Writing The Greatest Comeback, a thorough accounting of the Summit out this month, John U. Bacon had the support and cooperation of many of the veterans of Team Canada, though he goes out of his way to make clear that it’s not an “official” history: he maintained his independence. His foodie findings are presented with authority, if not detailed sources. “At least 100 of their 300 steaks, and the entire supply of Labatt’s were gone,” he writes, “probably sold on the black market, where it would fetch good money.”

“Somehow half our steaks disappeared,” was Sinden’s revised take, according to Bacon. “The hotel staff probably had a feast and made a fortune. The food we ate was horrible. They gave us peaches that were about as big as a marble. It was no way to get ready for some of the biggest games ever played.”

In Ken Dryden’s new book, The Series: What I Remember, What It Felt Like, What It Feels Like Now, he basically repudiates what he and Mark Mulvoy committed to the page, steakwise, 49 years ago.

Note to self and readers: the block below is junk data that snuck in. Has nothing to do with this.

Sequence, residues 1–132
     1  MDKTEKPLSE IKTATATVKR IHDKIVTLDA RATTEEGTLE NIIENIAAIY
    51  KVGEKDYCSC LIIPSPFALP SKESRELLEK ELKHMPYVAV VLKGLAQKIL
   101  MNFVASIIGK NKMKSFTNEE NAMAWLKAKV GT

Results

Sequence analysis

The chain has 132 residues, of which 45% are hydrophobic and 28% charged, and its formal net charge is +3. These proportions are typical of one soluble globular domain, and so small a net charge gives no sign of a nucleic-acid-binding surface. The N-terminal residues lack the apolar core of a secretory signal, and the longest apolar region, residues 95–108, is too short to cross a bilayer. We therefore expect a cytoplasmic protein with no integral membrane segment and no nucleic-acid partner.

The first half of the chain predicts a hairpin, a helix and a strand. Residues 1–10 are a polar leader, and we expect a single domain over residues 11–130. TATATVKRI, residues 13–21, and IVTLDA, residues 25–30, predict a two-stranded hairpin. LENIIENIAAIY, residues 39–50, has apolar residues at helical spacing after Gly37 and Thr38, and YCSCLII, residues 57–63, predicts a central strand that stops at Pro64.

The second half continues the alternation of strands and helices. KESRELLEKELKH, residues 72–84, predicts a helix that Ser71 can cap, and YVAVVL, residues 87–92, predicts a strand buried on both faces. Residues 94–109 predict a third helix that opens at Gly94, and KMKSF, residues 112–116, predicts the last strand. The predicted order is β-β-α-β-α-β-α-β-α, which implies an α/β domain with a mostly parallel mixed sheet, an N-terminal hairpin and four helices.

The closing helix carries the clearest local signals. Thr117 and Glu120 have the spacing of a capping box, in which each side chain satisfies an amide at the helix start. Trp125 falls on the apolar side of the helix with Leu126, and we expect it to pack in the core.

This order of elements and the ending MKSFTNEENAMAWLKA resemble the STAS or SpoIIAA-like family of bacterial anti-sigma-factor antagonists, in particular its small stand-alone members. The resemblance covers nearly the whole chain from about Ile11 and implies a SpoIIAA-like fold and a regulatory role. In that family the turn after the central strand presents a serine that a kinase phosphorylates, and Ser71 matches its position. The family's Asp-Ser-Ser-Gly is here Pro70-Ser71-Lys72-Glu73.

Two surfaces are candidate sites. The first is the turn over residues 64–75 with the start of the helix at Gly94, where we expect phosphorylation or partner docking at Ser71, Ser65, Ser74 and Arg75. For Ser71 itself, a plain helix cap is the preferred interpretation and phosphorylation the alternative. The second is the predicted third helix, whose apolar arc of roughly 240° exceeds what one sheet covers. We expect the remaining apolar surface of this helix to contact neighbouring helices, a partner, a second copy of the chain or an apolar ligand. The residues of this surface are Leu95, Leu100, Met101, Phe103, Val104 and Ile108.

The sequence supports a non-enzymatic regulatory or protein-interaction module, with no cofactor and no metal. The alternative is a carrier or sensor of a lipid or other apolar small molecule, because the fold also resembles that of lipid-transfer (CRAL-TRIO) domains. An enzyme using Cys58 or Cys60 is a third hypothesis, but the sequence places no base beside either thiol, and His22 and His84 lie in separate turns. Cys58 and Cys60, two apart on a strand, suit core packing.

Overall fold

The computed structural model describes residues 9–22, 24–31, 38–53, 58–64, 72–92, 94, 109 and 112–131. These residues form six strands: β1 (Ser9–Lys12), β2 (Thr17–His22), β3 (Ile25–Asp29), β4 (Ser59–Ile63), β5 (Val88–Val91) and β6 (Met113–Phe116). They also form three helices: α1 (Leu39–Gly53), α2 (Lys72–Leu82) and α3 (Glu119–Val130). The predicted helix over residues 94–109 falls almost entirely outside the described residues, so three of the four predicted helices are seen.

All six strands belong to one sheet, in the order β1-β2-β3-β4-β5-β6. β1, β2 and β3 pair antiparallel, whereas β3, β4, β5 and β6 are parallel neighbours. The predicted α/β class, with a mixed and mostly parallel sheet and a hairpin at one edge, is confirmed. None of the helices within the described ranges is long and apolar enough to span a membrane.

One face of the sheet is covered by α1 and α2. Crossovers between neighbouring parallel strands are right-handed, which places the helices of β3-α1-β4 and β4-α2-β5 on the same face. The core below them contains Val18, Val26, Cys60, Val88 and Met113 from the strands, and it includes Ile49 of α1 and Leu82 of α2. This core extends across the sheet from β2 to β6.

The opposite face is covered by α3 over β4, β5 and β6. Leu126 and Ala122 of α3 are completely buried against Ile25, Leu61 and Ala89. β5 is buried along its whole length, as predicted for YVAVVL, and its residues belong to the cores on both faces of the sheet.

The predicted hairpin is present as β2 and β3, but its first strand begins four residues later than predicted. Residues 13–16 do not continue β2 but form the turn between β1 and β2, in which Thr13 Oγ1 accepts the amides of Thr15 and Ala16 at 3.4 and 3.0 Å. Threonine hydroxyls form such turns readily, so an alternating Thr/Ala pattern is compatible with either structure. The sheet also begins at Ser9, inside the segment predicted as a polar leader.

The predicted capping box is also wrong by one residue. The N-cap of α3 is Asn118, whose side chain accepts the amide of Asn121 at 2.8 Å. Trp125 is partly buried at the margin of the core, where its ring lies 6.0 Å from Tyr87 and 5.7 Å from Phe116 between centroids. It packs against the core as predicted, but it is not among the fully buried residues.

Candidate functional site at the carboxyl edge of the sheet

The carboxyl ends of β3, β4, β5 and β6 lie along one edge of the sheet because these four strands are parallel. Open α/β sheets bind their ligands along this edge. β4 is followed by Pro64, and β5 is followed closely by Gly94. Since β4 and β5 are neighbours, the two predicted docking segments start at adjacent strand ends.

Now, as part of a cataloguing of the many distractions and discombobulating strangenesses Team Canada encountered in Moscow, there’s this:

Our breakfasts were buffets of cold cuts, smoked fish, white cheese, hard-boiled eggs, and chocolate-coloured bread that was hard and not chocolate. Our pre-game meals, our steaks that had been brought from home and had somehow “disappeared” into Moscow air, steaks that had always made us feel strong and ready, instead were tough, random-sized, random-shaped hunks of meat.

1973-Ken Dryden, let’s recall, is on the record as having quite enjoyed the steaks Team Canada were served early on. The problem, as detailed in an entry from the diary he (and/or Mulvoy) jotted down for September 24, was one of diminishment rather than disappearance:

The quality of our meals has gone down. The great initial burst of big steaks has become a retreat to mini-steaks. We never get Cokes, though they are talked about all the time. But I guess what we’re getting to eat is better than what our wives are being served. In fact, Lynda and some of the other wives came to the door at lunch and asked for handouts.

That jibes with what Frank Mahovlich has recalled, pretty well annually, including in Andrew Podnieks’ Team Canada 1972: The Official 40th Anniversary Celebration of the Summit Series (2012), in which he rounded on the chefs working the Intourist kitchen. “They cut them in half, so we only had half a steak. So we complained. Before the third game, they cut the thickness in half. We complained again. It wasn’t until the last game that we finally got a whole steak.”

Now we may be getting somewhere —  which is to say, as close to the truth of the matter as we may ever get. Could it be that the steaks were bureaucratically butchered rather than actually stolen?